eSkeptic for April 18, 2018

Headlines about recent scientific studies are notoriously unreliable. Harriet Hall, M.D. (aka the SkepDoc) examines a study that caused alarming headlines last year about the dangers of drinking diet soda.

Dr. Gregory Berns — What It’s Like to Be a Dog … and Other Adventures in Animal Neuroscience

Shermer speaks with Dr. Gregory Berns, Distinguished Professor of Neuroeconomics and Director of the Center for Neuropolicy and Facility for Education and Research in Neuroscience. Berns is famous for his use of fMRI to study canine cognitive function in awake, unrestrained dogs with the goal to non-invasively map the perceptual and decision systems of the dog’s brain and to predict likelihood of success in service dogs.

eSkeptic for April 11, 2018

In this week’s eSkeptic, Michael Shermer interviews Dr. Leonard Mlodinow about his new book: Elastic: Flexible Thinking in a Time of Change; and Daniel Loxton reflects on the value of listening in order to first understand paranormal beliefs and then communicate effectively with those who hold them.

Dr. Leonard Mlodinow — Elastic: Flexible Thinking in a Time of Change

Out of the exploratory instincts that allowed our ancestors to prosper hundreds of thousands of years ago, humans developed a cognitive style that Leonard Mlodinow terms elastic thinking, a collection of traits and abilities that include neophilia (an affinity for novelty), schizotypy (a tendency toward unusual perception), imagination and idea generation, pattern recognition, mental fluency, divergent thinking, and integrative thinking.

eskeptic for February 8, 2017

In this week’s eSkeptic, Leonard Mlodinow and Michael Shermer review You Are the Universe: Discovering Your Cosmic Self and Why it Matters, by Deepak Chopra and Menas Kafatos, 2017. (New York: Harmony Books, 288 pages)

Cosmic Consciousness and the Ptolemaic Principle

Leonard Mlodinow and Michael Shermer review You Are the Universe: Discovering Your Cosmic Self and Why it Matters, by Deepak Chopra and Menas Kafatos, 2017. (New York: Harmony Books, 288 pages)

eSkeptic for July 6, 2016

In this week’s eSkeptic, Sebastian Dieguez, cognitive neuroscientist at the University of Fribourg, Switzerland, reviews The Myth of an Afterlife: The Case against Life after Death, edited by M. Martin and K. Augustine.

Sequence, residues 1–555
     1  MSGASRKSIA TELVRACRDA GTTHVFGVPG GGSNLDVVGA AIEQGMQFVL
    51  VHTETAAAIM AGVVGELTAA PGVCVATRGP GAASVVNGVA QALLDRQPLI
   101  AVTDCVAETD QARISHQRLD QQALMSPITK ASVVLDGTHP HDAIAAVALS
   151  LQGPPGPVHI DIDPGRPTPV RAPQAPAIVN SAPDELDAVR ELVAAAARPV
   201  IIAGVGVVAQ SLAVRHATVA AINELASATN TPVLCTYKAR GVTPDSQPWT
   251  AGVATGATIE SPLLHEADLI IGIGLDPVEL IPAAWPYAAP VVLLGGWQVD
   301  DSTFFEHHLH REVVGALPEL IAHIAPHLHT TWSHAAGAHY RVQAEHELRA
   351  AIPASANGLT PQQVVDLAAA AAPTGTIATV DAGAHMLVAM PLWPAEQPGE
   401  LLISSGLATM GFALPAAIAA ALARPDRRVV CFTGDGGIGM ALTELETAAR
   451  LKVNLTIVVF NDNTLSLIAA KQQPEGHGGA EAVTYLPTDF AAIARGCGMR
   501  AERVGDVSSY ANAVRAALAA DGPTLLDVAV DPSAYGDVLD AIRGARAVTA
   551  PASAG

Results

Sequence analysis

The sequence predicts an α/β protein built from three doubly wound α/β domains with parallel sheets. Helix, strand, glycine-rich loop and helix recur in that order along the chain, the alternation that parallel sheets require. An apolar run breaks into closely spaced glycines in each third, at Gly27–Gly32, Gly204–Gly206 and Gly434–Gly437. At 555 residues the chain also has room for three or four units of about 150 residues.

Heaven is Not for Real

Given the current success of neuroscience in establishing the neural basis of consciousness and thought, is it still honest to claim that we simply don’t know “what comes after”? Cognitive neuroscientist, Sebastian Dieguez, of the University of Fribourg, Switzerland, reviews The Myth of an Afterlife: The Case against Life after Death, edited by M. Martin and K. Augustine.

eSkeptic for April 27, 2016

What would happen if you stopped watching online pornography for a few months? In this week’s eSkeptic, the debate about pornography addiction and its effects concludes with this response to Marty Klein by Philip Zimbardo, Gary Wilson, and Nikita Coulombe.

More on Porn: Guard Your Manhood—A Response to Marty Klein

What would happen if you stopped watching online pornography for a few months? The debate about pornography addiction and its effects concludes with this response to Marty Klein by Philip Zimbardo, Gary Wilson, and Nikita Coulombe.

Skeptical of the Porn Skeptics

Is porn viewing really changing young brains, skewing our views of “normal” sexuality, causing sexual dysfunction, and undermining our ability to relate to real sex? In this article, certified sex therapist and one of the United States’ leading experts on pornography, Marty Klein, responds to the article we published last week by Philip Zimbardo, Gary Wilson, and Nikita Coulombe.